Patrick G Gallagher, MD is a member of the following medical societies: American Academy of Pediatrics, American Society for Clinical Investigation, American Society for Clinical Investigation, American Society of Hematology, Connecticut State Medical Society, Society for Pediatric Research, American Society of Human Genetics

Disclosure: Nothing to disclose.

Coauthor(s)

Samir S Shah, MD, MSc Director, Division of Hospital Medicine, Attending Physician in Hospital Medicine and Infectious Diseases, James M Ewell Endowed Chair, Cincinnati Children's Hospital Medical Center; Professor, Department of Pediatrics, University of Cincinnati College of Medicine

Samir S Shah, MD, MSc is a member of the following medical societies: American Academy of Pediatrics, American College of Epidemiology, Infectious Diseases Society of America, Pediatric Infectious Diseases Society, Phi Beta Kappa, Society for Pediatric Research

Disclosure: Nothing to disclose.

Specialty Editor Board

Mary L Windle, PharmD Adjunct Associate Professor, University of Nebraska Medical Center College of Pharmacy; Editor-in-Chief, Medscape Drug Reference

Disclosure: Nothing to disclose.

Brian S Carter, MD, FAAP Professor of Pediatrics, University of Missouri-Kansas City School of Medicine; Attending Physician, Division of Neonatology, Children's Mercy Hospital and Clinics; Faculty, Children's Mercy Bioethics Center

Brian S Carter, MD, FAAP is a member of the following medical societies: Alpha Omega Alpha, American Academy of Hospice and Palliative Medicine, American Academy of Pediatrics, American Pediatric Society, American Society for Bioethics and Humanities, American Society of Law, Medicine & Ethics, Society for Pediatric Research, National Hospice and Palliative Care Organization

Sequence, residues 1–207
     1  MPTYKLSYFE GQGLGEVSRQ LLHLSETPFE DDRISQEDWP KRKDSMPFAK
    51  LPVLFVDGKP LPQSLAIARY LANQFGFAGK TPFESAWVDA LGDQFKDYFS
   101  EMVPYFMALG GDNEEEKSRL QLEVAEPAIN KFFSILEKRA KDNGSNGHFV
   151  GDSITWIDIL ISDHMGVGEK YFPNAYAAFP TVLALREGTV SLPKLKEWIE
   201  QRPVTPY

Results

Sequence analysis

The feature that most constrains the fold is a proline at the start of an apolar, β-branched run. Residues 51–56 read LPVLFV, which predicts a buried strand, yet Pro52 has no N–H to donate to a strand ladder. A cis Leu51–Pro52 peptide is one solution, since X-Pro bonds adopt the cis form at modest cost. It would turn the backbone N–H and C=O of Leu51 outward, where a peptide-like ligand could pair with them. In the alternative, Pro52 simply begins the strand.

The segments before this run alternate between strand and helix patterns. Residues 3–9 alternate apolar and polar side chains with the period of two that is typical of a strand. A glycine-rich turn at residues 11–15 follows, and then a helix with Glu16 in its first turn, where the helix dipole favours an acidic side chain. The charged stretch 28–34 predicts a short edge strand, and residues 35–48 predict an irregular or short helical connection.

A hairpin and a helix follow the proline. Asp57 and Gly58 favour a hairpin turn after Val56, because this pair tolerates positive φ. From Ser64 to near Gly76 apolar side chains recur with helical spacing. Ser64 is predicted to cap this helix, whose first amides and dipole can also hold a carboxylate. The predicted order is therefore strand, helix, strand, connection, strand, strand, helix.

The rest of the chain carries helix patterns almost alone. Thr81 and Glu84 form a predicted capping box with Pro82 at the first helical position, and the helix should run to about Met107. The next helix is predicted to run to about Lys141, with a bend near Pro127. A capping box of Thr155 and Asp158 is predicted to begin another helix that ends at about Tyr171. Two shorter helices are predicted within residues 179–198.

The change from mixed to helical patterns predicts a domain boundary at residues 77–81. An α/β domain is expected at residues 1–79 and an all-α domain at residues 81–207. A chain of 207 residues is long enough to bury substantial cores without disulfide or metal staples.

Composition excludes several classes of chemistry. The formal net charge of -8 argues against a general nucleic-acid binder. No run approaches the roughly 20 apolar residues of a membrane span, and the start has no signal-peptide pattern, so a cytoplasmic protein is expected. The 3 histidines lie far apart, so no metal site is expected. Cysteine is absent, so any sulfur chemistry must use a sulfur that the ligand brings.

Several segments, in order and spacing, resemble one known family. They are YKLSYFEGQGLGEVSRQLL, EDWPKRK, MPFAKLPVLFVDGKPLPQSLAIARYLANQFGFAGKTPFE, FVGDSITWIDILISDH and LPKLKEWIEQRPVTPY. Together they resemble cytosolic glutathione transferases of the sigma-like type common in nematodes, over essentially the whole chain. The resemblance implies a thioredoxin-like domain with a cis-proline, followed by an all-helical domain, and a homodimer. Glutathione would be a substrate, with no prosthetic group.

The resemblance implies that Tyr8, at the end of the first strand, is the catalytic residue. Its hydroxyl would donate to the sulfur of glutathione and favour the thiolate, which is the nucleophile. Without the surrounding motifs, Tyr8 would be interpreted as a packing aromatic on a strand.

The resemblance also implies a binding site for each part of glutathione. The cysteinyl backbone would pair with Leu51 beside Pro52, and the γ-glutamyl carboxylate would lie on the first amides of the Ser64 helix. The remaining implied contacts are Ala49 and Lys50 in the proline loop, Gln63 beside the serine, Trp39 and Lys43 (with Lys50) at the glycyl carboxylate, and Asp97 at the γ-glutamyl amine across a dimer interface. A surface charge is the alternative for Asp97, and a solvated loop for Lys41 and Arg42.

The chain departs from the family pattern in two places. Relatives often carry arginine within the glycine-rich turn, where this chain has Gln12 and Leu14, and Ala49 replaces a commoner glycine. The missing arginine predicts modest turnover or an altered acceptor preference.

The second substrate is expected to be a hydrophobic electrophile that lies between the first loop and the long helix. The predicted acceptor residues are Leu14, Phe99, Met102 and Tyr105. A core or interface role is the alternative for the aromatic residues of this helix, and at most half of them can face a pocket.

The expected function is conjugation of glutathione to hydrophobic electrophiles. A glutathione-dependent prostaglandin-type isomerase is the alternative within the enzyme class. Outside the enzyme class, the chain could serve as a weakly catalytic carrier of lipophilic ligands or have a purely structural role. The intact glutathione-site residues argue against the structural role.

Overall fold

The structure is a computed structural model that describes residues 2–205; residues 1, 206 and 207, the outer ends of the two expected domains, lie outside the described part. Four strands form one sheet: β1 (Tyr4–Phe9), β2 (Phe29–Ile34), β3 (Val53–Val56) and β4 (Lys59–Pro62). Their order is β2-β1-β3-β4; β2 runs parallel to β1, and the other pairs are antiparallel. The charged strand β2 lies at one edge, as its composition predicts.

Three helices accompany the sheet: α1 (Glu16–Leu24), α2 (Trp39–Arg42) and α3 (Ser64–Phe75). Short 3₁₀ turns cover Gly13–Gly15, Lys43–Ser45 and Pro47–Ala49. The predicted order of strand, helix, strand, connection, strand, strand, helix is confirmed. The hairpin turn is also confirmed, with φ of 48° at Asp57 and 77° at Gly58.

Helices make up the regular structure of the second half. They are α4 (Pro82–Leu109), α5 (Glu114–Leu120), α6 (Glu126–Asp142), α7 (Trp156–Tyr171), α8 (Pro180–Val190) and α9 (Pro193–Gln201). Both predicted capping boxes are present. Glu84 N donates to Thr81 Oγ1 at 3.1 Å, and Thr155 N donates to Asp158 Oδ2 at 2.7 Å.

Disclosure: Nothing to disclose.

Chief Editor

Ted Rosenkrantz, MD Professor, Departments of Pediatrics and Obstetrics/Gynecology, Division of Neonatal-Perinatal Medicine, University of Connecticut School of Medicine

Ted Rosenkrantz, MD is a member of the following medical societies: American Academy of Pediatrics, American Pediatric Society, Eastern Society for Pediatric Research, American Medical Association, Connecticut State Medical Society, Society for Pediatric Research

Disclosure: Nothing to disclose.

Additional Contributors

Shelley C Springer, JD, MD, MSc, MBA, FAAP Professor, University of Medicine and Health Sciences, St Kitts, West Indies; Clinical Instructor, Department of Pediatrics, University of Vermont College of Medicine; Clinical Instructor, Department of Pediatrics, University of Wisconsin School of Medicine and Public Health

Shelley C Springer, JD, MD, MSc, MBA, FAAP is a member of the following medical societies: American Academy of Pediatrics

Disclosure: Nothing to disclose.

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Anatomic relationship between the umbilicus and its embryologic attachments.
A case of omphalitis (left) associated with extensive myonecrosis (right).
A case of omphalitis associated with bullous impetigo due to Staphylococcus aureus.